Bradbury wrote Fahrenheit 451 early in television’s history. Regular commercial programing didn’t begin until 1948, a mere 5 years before Bradbury penned – or actually, typed – his novel in the basement of the UCLA library. It was only a few years after his book was published that Newton Minow, chairman of the US Federal Communication Commission, gave the speech in which he famously declared that commercial television programming was a “vast wasteland.” Bradbury was responding to a receiver with a 7 inch black and white screen filled, as Minow detailed, with “. . .a procession of game shows, formula comedies about totally unbelievable families, blood and thunder, mayhem, violence, sadism, murder, western bad men, western good men, private eyes, gangsters, more violence, and cartoons. And endlessly commercials — many screaming, cajoling, and offending. And most of all, boredom.”
The real enemy in Bradbury’s novel is not the state driven by a desire to control knowledge. It is the people who abandon their Enlightenment heritage of autonomy and intellectual curiosity for the opiate of television. His prophetic fear was that television would anaesthetize people to the point they abandoned books as too disturbing, too difficult, leaving themselves at the mercy of an endless broadcast stream of meaningless factoids, as he called them, about celebrities’ sex lives and the latest shooting at Jane and Finch. “Television gives you the dates of Napoleon, but not who he was,” Bradbury said.
A lot has changed since 1953 – and a lot has stayed the same. The 900 channel universe and subsequent breakdown of network domination of television programming has yielded some surprising results. It has meant that independent producers able to attract an audience loyal enough to support them have been able to create a remarkable explosion of well-written, provocative television shows that put to shame 95% of the feature films that show up in theatres. I am referring to shows like “The Sopranos,” “The Wire,” “Deadwood,” “Justified,” “Boardwalk Empire,” “Breaking Bad,” “Rome,” “Luck,” “Game of Thrones,” “Vikings,” “Downton Abbey,” “Hell on Wheels,” and countless others including a proliferation of documentaries that in fact do tell you who Napolean was. These are shows that take advantage of the protracted nature of television programming and develop characters and ideas over fourteen or more hours. Because the audience is self-selected, the writing is intelligent, provocative, even shocking. It is in fact art, and it challenges us to engage art, which is a particular kind of thinking. None of that was possible in 1953 when the ethos of television was, above all, offend no one.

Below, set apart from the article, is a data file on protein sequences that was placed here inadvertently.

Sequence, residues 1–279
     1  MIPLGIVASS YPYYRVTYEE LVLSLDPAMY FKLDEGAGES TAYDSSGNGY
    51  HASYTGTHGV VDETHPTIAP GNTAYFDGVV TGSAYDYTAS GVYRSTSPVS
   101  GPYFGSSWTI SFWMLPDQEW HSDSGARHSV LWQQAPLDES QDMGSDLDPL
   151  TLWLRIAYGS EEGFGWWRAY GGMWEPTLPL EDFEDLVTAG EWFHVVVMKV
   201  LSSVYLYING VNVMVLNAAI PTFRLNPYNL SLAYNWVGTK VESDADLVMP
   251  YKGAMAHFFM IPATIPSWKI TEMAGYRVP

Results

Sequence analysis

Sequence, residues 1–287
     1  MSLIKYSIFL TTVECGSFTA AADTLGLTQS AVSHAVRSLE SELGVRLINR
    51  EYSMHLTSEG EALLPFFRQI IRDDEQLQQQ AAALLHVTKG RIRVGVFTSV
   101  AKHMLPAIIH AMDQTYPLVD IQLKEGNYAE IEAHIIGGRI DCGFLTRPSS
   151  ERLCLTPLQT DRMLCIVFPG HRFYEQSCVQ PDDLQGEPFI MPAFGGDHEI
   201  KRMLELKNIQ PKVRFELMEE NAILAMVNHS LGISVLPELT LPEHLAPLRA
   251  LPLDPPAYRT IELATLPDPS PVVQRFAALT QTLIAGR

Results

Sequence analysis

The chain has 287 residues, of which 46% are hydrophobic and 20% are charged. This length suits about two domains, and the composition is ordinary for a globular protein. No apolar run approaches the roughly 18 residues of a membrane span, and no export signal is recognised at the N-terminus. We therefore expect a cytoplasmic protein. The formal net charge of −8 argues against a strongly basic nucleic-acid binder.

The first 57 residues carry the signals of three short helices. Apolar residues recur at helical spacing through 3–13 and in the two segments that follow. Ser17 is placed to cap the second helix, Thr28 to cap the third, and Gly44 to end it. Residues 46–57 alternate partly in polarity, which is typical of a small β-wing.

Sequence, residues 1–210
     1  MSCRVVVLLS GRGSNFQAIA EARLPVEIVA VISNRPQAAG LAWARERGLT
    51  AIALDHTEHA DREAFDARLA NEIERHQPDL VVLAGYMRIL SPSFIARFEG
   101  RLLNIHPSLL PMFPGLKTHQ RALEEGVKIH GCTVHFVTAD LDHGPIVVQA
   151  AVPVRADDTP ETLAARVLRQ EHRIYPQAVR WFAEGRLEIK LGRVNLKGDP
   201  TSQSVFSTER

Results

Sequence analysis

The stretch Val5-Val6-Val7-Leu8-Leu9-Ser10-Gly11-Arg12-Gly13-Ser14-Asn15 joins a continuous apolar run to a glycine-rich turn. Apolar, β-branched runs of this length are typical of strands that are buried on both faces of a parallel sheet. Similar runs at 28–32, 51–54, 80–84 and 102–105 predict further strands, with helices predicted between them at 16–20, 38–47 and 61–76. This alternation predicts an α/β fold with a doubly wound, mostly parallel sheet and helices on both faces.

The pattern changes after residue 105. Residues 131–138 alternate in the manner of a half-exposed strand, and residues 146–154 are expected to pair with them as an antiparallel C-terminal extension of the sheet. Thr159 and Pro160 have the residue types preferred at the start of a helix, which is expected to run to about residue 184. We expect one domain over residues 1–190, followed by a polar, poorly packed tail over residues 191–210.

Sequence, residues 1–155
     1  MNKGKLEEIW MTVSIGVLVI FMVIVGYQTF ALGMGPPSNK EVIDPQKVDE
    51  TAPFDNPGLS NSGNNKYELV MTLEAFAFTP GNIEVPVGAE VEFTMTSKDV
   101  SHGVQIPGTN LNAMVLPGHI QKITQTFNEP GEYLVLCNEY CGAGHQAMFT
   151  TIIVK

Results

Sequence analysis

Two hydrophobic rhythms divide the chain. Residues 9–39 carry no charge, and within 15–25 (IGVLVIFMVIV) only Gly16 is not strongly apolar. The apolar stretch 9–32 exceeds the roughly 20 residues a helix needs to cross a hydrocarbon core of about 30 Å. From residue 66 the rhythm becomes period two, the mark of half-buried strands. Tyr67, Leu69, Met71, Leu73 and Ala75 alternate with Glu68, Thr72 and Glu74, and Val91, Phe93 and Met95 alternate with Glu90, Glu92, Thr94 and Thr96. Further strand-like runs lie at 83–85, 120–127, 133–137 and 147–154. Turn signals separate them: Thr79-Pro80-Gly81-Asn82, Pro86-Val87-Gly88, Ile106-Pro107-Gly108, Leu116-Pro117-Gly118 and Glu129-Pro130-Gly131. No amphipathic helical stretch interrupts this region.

That said, there is just as much crap on television today as ever. If the 900 channel universe has opened up more possibilities for intelligent and informative writing, it has also increased the size of the wasteland, filling it up with mind numbingly moronic “reality” shows, endless shopping channels, and Sarah Palin’s Alaska. Whether this has resulted in the dystopia Bradbury predicted remains to be seen. My sense is that it hasn’t, that all the terms have changed value in such a way that TV is the least of our problems. Mind you, television news continues to churn out authorized factoids. But many people, especially young people, don’t even watch TV. Nor do they go to movies. Or read books. Instead, they are glued to the little screens they carry around in their pockets, endlessly surfing social networking sites and playing downloaded games to kill the time as they cross the street in front of your car without bothering to look up. In every waiting room I find myself in, I am almost always the only person to open a book. Everyone else is doing what used to be called the Blackberry Prayer, before that technology got left in the dust.